<*KT. 30] FIRST NOTABLE UTTERANCE 95
by him in his ( assaults ' on the House. But Parnell was polished and skilful, had a happy knack of putting other people in the wrong, and used not only to win Irish support, but would occasionally obtain English sympathy.
ParneH's first really notable utterance in the House was made on June 30, during the debate on Butt's motion for an inquiry into the Home Rule demand. Sir Michael Ilicks-Bcach, the Chief Secretary for Ireland, was speaking; Parncll looked coldly and impassively on. How far the speech of the Chief Secretary interested him, how far he was paying any attention to the subject, it would be difficult to tell. At length Sir Michael Hicks-Beach said: * Of all the extraordinary delusions which are connected with the subject, the most strange to me appears the idea that Homo Rule can have the effect of liberating the "Fenian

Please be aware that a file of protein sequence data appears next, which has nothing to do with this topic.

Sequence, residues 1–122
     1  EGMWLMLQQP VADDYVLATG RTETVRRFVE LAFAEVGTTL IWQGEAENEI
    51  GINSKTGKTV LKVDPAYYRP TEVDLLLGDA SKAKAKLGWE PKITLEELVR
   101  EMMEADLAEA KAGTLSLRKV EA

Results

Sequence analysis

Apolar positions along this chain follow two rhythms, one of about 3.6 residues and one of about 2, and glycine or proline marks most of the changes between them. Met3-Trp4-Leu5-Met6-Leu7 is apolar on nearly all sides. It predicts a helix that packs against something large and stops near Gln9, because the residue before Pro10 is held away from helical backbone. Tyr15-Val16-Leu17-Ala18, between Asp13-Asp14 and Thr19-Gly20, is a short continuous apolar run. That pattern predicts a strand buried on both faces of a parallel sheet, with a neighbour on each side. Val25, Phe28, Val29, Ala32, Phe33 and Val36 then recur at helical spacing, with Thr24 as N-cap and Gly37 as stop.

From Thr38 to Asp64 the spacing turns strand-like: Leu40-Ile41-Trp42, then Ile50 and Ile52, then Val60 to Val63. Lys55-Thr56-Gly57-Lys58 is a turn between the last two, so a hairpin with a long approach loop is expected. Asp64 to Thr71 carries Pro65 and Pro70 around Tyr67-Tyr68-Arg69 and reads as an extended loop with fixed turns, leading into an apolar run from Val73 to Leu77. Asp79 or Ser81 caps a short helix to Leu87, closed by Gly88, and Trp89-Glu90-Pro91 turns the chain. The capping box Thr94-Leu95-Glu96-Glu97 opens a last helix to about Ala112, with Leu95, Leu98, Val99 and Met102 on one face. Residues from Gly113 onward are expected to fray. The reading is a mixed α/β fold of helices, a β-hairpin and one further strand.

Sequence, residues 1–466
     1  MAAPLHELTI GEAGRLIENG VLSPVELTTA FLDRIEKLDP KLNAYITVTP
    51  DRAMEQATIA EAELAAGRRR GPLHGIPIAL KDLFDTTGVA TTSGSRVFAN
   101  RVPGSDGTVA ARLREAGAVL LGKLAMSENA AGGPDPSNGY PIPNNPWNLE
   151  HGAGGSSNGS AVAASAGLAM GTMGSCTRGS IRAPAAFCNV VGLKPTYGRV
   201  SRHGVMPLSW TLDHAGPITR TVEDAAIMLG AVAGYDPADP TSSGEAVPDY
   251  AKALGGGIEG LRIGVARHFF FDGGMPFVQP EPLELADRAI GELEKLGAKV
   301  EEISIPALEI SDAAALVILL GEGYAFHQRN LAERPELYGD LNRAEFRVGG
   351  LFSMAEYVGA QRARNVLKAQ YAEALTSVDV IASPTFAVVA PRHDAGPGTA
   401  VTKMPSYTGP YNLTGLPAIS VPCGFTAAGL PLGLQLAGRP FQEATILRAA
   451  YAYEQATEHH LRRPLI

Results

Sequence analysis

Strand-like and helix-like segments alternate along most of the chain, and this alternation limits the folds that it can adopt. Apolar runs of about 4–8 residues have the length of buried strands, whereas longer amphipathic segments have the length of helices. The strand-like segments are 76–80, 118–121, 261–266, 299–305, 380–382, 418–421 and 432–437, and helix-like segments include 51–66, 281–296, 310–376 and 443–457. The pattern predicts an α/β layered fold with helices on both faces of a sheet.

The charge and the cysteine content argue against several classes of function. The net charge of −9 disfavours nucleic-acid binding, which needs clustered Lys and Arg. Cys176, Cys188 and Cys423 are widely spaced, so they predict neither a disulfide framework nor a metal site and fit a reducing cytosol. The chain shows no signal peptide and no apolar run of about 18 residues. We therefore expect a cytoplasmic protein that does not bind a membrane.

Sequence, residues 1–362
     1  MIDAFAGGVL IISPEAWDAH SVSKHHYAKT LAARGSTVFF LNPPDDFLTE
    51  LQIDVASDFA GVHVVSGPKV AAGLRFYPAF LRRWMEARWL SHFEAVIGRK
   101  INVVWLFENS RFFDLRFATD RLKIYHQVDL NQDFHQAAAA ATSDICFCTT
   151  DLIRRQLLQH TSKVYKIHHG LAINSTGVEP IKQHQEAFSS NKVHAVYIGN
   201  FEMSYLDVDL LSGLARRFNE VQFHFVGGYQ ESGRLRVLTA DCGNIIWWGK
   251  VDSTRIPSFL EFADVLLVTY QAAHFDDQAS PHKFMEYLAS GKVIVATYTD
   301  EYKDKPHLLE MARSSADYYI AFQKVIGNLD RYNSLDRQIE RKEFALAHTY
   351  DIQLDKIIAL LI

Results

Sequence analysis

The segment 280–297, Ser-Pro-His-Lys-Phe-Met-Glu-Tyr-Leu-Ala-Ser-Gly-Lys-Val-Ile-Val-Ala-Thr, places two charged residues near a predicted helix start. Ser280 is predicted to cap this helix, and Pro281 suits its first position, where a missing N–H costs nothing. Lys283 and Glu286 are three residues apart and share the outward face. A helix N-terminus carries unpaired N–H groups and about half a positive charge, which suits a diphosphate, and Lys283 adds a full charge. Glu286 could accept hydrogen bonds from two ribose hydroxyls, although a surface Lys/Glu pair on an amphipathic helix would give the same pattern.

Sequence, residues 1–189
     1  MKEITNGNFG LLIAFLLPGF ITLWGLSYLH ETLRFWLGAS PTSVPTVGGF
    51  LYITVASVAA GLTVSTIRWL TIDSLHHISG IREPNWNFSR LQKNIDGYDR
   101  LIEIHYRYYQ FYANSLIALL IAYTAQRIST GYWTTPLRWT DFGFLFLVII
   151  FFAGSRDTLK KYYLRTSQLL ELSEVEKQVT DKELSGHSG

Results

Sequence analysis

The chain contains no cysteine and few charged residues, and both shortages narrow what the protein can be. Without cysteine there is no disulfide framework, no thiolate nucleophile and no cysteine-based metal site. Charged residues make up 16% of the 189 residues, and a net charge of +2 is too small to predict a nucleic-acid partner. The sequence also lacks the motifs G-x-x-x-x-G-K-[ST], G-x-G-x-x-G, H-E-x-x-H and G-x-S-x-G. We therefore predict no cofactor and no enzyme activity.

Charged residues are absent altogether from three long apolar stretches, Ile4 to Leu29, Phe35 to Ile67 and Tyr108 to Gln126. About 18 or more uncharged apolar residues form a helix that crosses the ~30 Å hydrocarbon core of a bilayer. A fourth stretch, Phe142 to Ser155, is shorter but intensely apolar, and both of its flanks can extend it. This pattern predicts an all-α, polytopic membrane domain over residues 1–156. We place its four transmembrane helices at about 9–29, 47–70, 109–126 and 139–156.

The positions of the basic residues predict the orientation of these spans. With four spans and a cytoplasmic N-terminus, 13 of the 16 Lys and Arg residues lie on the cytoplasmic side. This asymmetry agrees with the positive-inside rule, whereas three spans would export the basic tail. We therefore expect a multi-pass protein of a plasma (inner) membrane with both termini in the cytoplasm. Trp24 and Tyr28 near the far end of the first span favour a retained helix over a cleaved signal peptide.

prisoners, the Manchester murderers-----/ ' No ! No !'
cried Parnell, with a suddenness and vehemence which startled everyone. The House was shocked at what seemed to bo a justification of murder, and there was an indignant murmur of disapprobation. Sir Michael Hicks-Beach paused, and then, looking straight at Parnell and amid sympathetic cheers, said solemnly: * I regret to hear that there is an hon. member in this House who will apologise for inurder.' The House thought that the young member for Meath was crushed, and the cry of ' 'Withdraw!' ' Withdraw!' rang from all quarters.
But Parnell rose with great dignity and great deliberation, and said in clear and icy accents : 'Tho right hon. gentleman looked at me so directly when ho said that he regretted that any member of the House should apologise for murder that I wish to say